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Ginny Roth: Don’t be shy about it. ‘Family values’ and babies are good things

Commentary

Last week, Paul Krugman, the Nobel Prize-winning economist and New York Times columnist, took an unspoken yet mainstream view and tweeted it out loud.

Responding to a growing interest (particularly among intellectual conservatives) in natalism, Krugman’s tweet thread initially seemed to be arguing that the economic case for natalism is weak. But he ended his thread on a more emotional note, critiquing the perceived real reason for the uptick in natalism, tweeting: “the economic case for pro-natalism is really weak — so you’re left with some kind of ‘family values’ argument (I mean, look at how fatherhood has mellowed and matured Donald Trump) or, not-so-hidden subtext, the need for more white Christians.”

Some kind of “family-values” argument, indeed.

Krugman’s tweets set off a series of arguments and counterarguments online. While some reacted to his drive-by anti-Christian smear, most engaged with his economic argument. This tendency, to want to hash this debate out on economic grounds, reflects the biases with which elites generally approach birth rate questions, including in Canada.

The global fertility rate, and birth rates in each country, is evidently important to civilization as we know it. The subject is the very definition of existential. And yet, in polite society, natalism carries with it a reputation for eerie religiosity, a concerning nationalism and a patriarchal, barefoot-in-the-kitchen kind of vibe. For secular liberals who make up the vast majority of elite opinion in the west, natalism sounds downright creepy.

This means that for the few centrist economists, policy leaders and politicians who do want to acknowledge the clear downsides of a shrinking population, economic language is the solution to the ick factor. A shrinking and aging population means a shrinking economy with more expensive (older) people to take care of and not enough GDP-contributors to do it.

While anti-natalists counter that immigration is the solution, natalists counter that immigration isn’t enough and as the decline in birth rates remains gradual rather than sudden, the issue lingers on the periphery. But this public discussion skirts the core of the natalism debate: the cultural conflict Krugman so offensively concluded his thread with.

The economic analysis is wholly inadequate for capturing the value of increasing birth rates (and the downside of decreasing birth rates) and by opting out of the cultural argument, natalists sideline the most powerful point of all: Children are a common social good in and of themselves and making more of them is a good thing.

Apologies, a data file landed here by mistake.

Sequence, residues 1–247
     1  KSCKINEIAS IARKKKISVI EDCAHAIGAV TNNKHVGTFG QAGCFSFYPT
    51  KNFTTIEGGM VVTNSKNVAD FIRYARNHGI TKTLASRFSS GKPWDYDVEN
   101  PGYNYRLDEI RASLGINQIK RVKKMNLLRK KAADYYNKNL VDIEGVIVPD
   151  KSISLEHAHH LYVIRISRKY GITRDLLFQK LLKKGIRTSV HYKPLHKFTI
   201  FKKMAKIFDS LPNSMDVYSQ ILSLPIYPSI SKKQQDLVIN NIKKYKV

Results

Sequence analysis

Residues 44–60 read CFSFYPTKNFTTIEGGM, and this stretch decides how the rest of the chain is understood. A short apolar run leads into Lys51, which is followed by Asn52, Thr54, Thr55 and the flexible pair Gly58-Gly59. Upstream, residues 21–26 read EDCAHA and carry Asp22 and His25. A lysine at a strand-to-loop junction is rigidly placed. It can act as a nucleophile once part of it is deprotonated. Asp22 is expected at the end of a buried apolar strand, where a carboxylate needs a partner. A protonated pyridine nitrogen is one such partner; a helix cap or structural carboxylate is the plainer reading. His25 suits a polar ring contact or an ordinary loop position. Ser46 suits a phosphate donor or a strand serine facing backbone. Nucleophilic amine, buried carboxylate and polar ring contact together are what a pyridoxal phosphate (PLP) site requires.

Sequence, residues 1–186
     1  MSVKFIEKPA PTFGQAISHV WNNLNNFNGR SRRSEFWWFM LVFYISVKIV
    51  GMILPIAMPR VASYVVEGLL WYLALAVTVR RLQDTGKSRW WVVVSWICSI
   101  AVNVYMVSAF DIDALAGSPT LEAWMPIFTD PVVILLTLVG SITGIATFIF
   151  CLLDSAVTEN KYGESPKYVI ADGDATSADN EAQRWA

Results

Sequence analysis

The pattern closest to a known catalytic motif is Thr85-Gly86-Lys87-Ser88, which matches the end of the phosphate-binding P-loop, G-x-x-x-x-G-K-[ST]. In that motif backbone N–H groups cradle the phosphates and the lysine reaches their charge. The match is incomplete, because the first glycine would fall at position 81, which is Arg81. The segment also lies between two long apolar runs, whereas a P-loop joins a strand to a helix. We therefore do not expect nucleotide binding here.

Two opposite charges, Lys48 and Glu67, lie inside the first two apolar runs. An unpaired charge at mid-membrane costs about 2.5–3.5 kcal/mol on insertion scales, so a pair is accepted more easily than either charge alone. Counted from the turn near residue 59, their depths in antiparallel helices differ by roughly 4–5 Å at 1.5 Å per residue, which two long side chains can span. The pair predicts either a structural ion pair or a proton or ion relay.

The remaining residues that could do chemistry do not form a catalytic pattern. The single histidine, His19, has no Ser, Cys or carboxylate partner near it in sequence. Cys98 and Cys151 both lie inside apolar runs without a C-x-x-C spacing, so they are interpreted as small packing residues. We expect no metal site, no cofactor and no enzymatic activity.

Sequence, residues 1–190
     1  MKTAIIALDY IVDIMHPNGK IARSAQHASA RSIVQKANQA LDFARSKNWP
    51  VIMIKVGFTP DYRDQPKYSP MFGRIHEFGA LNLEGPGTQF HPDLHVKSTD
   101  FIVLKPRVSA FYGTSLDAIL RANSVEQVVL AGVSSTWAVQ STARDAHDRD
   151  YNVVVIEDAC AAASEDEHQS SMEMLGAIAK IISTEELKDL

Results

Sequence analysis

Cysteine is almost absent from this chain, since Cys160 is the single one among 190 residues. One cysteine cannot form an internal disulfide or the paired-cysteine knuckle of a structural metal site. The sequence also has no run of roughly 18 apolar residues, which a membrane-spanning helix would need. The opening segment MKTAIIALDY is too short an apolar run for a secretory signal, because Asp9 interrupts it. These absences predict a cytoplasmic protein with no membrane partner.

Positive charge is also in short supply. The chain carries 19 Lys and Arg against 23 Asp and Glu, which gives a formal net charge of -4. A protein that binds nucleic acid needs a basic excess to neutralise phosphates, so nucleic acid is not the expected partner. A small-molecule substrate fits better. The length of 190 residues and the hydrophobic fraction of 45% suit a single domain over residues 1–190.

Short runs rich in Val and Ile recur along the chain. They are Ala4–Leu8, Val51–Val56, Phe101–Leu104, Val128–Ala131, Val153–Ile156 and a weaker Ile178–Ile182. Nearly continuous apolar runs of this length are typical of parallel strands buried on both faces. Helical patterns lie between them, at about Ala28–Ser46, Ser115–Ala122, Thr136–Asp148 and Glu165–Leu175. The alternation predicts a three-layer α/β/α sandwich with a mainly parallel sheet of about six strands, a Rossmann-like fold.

First, it’s important to understand the stakes. Birth rates have been gradually declining across the developed world for decades. There are occasionally precipitous declines and occasionally rates tick back up, and some countries are worse off (depending on your perspective) than others, but in general, the trend is consistent.

There is a community of demographers who study birth rates and intellectuals who write about them, but the issue is relatively niche in policy circles, except for when we see steeper circumstantial declines, like during the pandemic, or mini baby booms.

Krugman and his peers are horrified by the notion that people who worship God have more kids.

Lately, natalism is back in vogue, if temporarily. Birth rates declined at the beginning of the pandemic, but then U.S. President Joe Biden rolled out a cash benefit for families with kids at home, similar in some ways to the Canada Child Benefit. Now, American birth rates are ticking back up, something demographers are calling a “baby boomlet.”

Research indicates that economic circumstances impact birth rates at the margins and the most recent U.S. trends support this. As American families faced economic uncertainty (not just about their finances but about their home life and work life) at the start of the pandemic, many put pregnancy plans on pause. Then, as stimulus funds flowed from the government, and home and work life re-normalized (in some cases with the knowledge that work-from-home might remain an option for parents with fewer leave options), families opted back into growing.

But, this kind of circumstantial impact seems to only impact birth rates at the margins. Longer-term research is clear that the global trend in declining birth rates is not likely to be reversed by one-off economic policy levers like better parental leave or baby bonuses.

This is not to say these policies shouldn’t be pursued. Indeed, the way a society redistributes its tax revenue and what its laws ask of employers reflect what it values and as some have pointed out, it is unjust that parenthood has become a luxury good. However, given the existential nature of the bigger natalism question, it is worth better understanding why birth rates continue to decline in many countries despite financial support for families.

The latest research suggests two major factors which impact birth rates: religion and work. To my mind, the two are connected. Workism, described by Derek Thompson in The Atlantic, is the modern, western phenomenon whereby the the “college-educated elite” derive a sense of meaning, identity and community from work (rather than from home life, family and religion). Demographers have drawn a link between the rise in workism and the decrease in fertility.